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Airmen celebrate past, present, future at Vandenberg's Dining Out

Col. Benjamin Huff, 30th Mission Support Group commander, and Master Sgt. David Matos, 30th Logistics Readiness Squadron, add apple cider to the grog bowl at the 30th Space Wing Dining Out here Oct. 20.

Col. Benjamin Huff, 30th Mission Support Group commander, and Master Sgt. David Matos, 30th Logistics Readiness Squadron, add apple cider to the grog bowl at the 30th Space Wing Dining Out here Oct. 20.

VANDENBERG AIR FORCE BASE, Calif. -- More than 350 people celebrated a "Journey of Excellence: Past, Present and Future" at the 30th Space Wing's dining out Oct. 20 at the Pacific Coast Club. 

Decorations from Vandenberg's early days as Camp Cooke and models of today's satellites and missile systems created a life-sized timeline for guests as they walked the long hallway and entered the PCC's main ballroom. 

Airmen, guests and Central Coast friends of Vandenberg were dressed in their finest to celebrate the event with great food, company and, of course, the infamous grog bowl. Col. Jack Weinstein, 30th Space Wing commander, was the President of the Mess and host for the evening. 

A sword ceremony kicked off the dining out. A sheathed sword was brought to the president who removed it from its scabbard and placed it on the table symbolizing the dining out as a time when warriors lay down their weapons and enjoy the fellowship and camaraderie of their companions. A series of solemn toasts paid tribute to former leaders and those who are no longer living. 

Later the evening turned to less somber events including the grog, a military tradition that dates back more than 350 years. Although the name is always the same, its ingredients are as varied as the people who mix it; the more unappealing, the better. The usual practice is to mix the grog in a sanitized toilet bowl to be drunk by those who break the rules of the mess. The rules are also many and varied often ranging from improper wear of the uniform to laughing out of turn. 

"There's not a wrong reason to send someone to the grog. But if you do try to send someone, you usually end up going yourself," said Maj. Steve Carmical, 30th Mission Support Squadron commander.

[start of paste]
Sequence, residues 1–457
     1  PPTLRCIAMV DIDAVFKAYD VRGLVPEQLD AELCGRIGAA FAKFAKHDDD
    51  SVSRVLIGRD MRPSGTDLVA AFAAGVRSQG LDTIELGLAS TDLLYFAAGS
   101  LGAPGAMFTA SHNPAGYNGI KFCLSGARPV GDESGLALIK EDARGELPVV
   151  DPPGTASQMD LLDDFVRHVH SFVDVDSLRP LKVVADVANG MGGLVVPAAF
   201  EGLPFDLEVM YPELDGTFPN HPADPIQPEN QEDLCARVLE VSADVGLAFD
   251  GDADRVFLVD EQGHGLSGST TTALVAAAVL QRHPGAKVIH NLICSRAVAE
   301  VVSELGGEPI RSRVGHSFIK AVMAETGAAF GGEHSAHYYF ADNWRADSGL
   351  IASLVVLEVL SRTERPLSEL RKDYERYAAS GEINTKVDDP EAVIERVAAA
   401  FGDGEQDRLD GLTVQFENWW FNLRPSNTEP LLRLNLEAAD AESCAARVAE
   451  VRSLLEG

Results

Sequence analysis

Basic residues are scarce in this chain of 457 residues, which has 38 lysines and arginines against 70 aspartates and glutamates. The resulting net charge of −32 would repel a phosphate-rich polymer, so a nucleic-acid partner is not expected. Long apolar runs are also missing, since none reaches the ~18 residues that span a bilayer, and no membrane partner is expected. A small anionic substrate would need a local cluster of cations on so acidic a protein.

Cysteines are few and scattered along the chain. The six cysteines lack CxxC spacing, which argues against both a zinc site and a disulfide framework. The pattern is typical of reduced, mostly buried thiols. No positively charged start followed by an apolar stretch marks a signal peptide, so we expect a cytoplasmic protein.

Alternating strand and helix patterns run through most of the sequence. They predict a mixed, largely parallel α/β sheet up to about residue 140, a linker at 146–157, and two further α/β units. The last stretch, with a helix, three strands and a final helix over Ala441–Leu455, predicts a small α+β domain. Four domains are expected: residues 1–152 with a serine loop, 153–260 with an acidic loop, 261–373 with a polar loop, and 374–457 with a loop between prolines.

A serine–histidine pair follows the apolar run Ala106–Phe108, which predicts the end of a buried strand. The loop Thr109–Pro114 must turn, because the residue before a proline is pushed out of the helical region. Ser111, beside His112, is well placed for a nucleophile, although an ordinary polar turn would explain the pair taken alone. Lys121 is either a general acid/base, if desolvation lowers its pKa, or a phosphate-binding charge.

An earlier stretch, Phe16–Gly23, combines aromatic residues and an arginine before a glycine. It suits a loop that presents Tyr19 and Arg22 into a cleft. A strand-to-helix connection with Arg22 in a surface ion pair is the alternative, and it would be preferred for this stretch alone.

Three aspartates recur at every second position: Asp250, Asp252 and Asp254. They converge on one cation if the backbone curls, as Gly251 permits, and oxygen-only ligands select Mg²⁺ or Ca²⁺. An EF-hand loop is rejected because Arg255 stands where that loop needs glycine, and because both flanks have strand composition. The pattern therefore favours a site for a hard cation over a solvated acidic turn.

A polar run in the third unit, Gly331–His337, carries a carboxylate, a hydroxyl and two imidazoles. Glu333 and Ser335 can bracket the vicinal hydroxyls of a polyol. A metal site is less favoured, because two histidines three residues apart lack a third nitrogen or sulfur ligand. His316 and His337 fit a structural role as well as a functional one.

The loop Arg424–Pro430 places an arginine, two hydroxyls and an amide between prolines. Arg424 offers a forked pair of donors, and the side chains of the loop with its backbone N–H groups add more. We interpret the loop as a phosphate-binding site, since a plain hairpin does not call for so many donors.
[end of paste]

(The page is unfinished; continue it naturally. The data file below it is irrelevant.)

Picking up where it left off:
2nd Lt. Jon Miller, the event's Mr. Vice, demonstrated the procedures of the grog. Afterward Mr. Vice and his counterpart, Madam Vice Staff Sgt. Erin Panas, suggested a drink from the past, present and future to coincide with the evening's theme.
Mr. President agreed and was the representative for the "present." Chief Master Sgt. Tim Gordon, 30th Space Wing command chief, represented the past and Airman Calderon Hernandez, 30th Logistics Readiness Squadron, represented the future. 

After the festivities of the grog and dinner, the group heard from Lt. Gen. C.R. Kehler, U.S. Strategic Command's deputy commander and former 30th Space Wing commander. The general offered food for thought on what truly makes one a hero. 

"Many people may name celebrities as heroes and even though there are some actors who have been tremendous in their roles, they are not heroes," General Kehler said. "Heroes are those who run into a burning building when everyone else is running out. Heroes are the Airmen, Sailors, Marines and Soldiers who fight in the deserts across the world day in and day out. Heroes are those sitting in this room, who wear this makes me proud to be a part of the best Air and Space Force in the world." 

As the evening drew to a close, mess dress coats came off and the dance floor filled. 

"Observing military tradition is essential to building and maintaining camaraderie among our Airmen," said Colonel Weinstein. "The Dining Out was a tremendous success and an important event in helping us continue on our path of excellence. By celebrating Vandenberg's rich history, we highlight our commitment to mission success."